2 ways Avatar: The Last Airbender improved on the original show (and 3 ways it was worse)

Avatar: The Last Airbender is coming back to Netflix for seasons 2 AND 3! Here are some things to watch out for going forward.
Appa takes flight through couldy skies with passengers Aang (Gordon Cormier), Katara (Kiawentiio) and Sokka (Ousley) on his back.
Appa takes flight through couldy skies with passengers Aang (Gordon Cormier), Katara (Kiawentiio) and Sokka (Ousley) on his back. /
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Netflix has officially renewed Avatar: The Last Airbender, its live-action remake of the Nickelodeon animated series of the same name, for a second AND a third season. This means that the cast and crew will get to remake the whole story fans first fell in love with back in the 2000s, about a young boy named Aang who has the responsibility of putting a stop to a century-long war. Cue magic, cue adventure, cue romance, cue action. Cue...Avatar.

I'm happy the cast and crew will get to do this, since there were parts of the Avatar remake I really enjoyed. There were even a couple of things I thought the new show did better than the old one.

That said, general fan consensus has been that the remake show, while not a disaster like the 2010 Last Airbender movie, falls short of the sterling quality of the original animated series, and I have to agree. But there's always room to improve. In the interest of constructive criticism, let's run through a few ways the new live-action remake falls short of the animated original, and a couple of ways it improves upon it. If you happen to be reading this, Avatar: The Last Airbender creative team, we say this only because we want you to do your very best work.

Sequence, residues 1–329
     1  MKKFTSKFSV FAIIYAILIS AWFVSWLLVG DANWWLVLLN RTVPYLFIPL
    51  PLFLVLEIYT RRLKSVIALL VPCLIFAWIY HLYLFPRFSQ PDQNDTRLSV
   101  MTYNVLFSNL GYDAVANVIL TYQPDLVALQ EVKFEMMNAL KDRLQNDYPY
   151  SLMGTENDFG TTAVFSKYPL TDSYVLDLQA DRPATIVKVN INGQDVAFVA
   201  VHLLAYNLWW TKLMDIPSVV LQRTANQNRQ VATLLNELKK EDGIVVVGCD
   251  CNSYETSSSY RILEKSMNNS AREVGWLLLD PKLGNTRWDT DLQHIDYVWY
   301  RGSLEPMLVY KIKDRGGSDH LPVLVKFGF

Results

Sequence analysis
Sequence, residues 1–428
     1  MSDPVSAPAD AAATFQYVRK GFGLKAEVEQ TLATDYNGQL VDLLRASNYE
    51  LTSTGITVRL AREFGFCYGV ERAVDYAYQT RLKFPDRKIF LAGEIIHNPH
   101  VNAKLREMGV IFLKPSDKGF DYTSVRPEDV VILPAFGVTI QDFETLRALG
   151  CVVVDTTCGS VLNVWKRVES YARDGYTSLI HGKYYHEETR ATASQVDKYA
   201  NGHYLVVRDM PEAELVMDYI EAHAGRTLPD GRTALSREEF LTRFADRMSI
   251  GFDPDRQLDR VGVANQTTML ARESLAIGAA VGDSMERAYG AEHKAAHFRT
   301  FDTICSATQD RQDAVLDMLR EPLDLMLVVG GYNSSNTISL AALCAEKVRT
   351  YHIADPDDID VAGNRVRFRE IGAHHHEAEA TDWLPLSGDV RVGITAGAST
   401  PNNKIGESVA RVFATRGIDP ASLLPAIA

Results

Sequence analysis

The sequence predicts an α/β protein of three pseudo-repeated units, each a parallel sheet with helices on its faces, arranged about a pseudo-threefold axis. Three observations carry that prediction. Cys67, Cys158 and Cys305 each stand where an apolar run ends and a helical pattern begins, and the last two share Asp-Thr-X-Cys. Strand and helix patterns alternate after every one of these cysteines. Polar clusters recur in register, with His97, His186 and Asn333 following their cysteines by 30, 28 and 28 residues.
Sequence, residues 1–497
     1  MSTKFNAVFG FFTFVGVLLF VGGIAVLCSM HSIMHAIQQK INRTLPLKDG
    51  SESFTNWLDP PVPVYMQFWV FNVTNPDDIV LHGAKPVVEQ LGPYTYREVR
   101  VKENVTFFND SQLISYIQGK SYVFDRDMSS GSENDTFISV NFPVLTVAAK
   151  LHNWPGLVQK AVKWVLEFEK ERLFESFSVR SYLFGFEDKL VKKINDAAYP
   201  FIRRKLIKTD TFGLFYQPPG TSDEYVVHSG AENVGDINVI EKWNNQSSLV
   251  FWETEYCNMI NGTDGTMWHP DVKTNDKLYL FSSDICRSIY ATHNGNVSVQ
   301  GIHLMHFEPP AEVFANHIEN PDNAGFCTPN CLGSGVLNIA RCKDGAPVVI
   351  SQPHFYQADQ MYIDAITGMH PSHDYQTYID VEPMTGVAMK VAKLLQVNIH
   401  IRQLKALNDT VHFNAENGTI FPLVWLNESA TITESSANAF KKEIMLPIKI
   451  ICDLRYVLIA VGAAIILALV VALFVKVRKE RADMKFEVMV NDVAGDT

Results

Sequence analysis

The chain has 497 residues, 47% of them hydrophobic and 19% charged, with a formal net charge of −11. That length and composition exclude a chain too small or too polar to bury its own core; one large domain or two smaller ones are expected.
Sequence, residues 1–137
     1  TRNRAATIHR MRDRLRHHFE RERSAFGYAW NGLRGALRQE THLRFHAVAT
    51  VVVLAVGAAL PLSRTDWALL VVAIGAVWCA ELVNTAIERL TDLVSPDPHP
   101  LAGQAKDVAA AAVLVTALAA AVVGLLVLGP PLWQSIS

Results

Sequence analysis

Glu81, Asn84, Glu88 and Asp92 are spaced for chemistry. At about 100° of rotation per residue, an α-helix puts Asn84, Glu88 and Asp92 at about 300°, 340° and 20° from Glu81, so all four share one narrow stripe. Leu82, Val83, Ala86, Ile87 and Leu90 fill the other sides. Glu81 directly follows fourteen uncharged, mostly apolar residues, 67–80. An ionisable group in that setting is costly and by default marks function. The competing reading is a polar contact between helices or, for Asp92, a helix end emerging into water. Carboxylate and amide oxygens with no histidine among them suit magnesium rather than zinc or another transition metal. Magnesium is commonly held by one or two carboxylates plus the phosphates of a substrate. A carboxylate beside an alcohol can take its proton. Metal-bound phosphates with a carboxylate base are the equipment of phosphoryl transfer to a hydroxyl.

Avatar: The Last Airbender. Gordon Cormier as Aang in episode 101 of Avatar: The Last Airbender. Cr. Robert Falconer/Netflix © 2023 /

The remake is worse because...Aang isn't as much fun

We already mentioned Aang (Gordon Cormier), the kid at the center of this story. He's the Avatar, the only person alive who can control, or "bend" all four elements: air, earth, fire and water. It's the Avatar's responsibility to bring balance to the world. The world has been out of balance ever since the Fire Nation started waging an expansionist war a century ago, so he has his work cut out for him.

In the first season of the original series, Aang's conflict is between his responsibility to save the world and his child-like desire to simply goof off and have a good time. Eventually he learns the importance of responsibility, which gives him a satisfying character arc. The remake more or less drops this. Aang talks about just wanting to fool around, but we never see him do much of it; he's serious about his goal of stopping the Fire Nation pretty much from the jump. The lack of an arc makes the show feel less dynamic.

The remake ties itself in knots trying to preserve some of the tension from the original series. Early on, it gives Aang a vision of a disaster that will befall the Northern Water Tribe. According to showrunner Albert Kim, this is done to give Aang's story a greater sense of "narrative compulsion" and to minimize distractions. But it doesn't work, because: A) He gets distracted anyway, making numerous pit stops on his way to the Northern Water Tribe, and; B) Aang getting distracted was an important part of his character, an internal block he had to overcome. Giving him a concrete goal by means of a magical vision is way less satisfying to watch.

It's also very weird that although Aang is taking his job as the Avatar more seriously in the remake than he does in the original show, he spends way less time learning new bending techniques like waterbending. (As the titular last airbender, he's already an expert with air.) A lot of these creative decisons seem in conflict with each other, so I hope the writing team makes sure they have all their ducks in a row before mapping out seasons 2 and 3.

Okay, and now for something the new show does better than the old. Click the button below to continue: